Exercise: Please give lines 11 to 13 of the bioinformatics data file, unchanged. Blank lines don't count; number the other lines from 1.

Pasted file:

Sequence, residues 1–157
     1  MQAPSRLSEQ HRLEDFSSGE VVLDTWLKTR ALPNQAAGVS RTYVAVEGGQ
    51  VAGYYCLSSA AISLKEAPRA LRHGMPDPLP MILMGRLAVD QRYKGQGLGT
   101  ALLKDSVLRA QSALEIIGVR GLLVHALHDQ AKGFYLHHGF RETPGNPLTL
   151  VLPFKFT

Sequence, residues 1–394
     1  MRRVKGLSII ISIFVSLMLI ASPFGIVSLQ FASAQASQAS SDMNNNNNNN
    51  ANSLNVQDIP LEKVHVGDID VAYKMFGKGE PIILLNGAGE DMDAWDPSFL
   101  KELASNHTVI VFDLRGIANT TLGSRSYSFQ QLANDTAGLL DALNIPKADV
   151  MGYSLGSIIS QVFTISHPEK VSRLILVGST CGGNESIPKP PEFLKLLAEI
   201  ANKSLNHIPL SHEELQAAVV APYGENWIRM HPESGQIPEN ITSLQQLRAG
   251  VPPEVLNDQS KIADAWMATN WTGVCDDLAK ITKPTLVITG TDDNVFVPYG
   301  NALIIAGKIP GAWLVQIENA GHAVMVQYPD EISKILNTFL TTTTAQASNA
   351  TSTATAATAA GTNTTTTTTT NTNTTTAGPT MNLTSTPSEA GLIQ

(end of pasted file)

   201  ANKSLNHIPL SHEELQAAVV APYGENWIRM HPESGQIPEN ITSLQQLRAG
   251  VPPEVLNDQS KIADAWMATN WTGVCDDLAK ITKPTLVITG TDDNVFVPYG
   301  NALIIAGKIP GAWLVQIENA GHAVMVQYPD EISKILNTFL TTTTAQASNA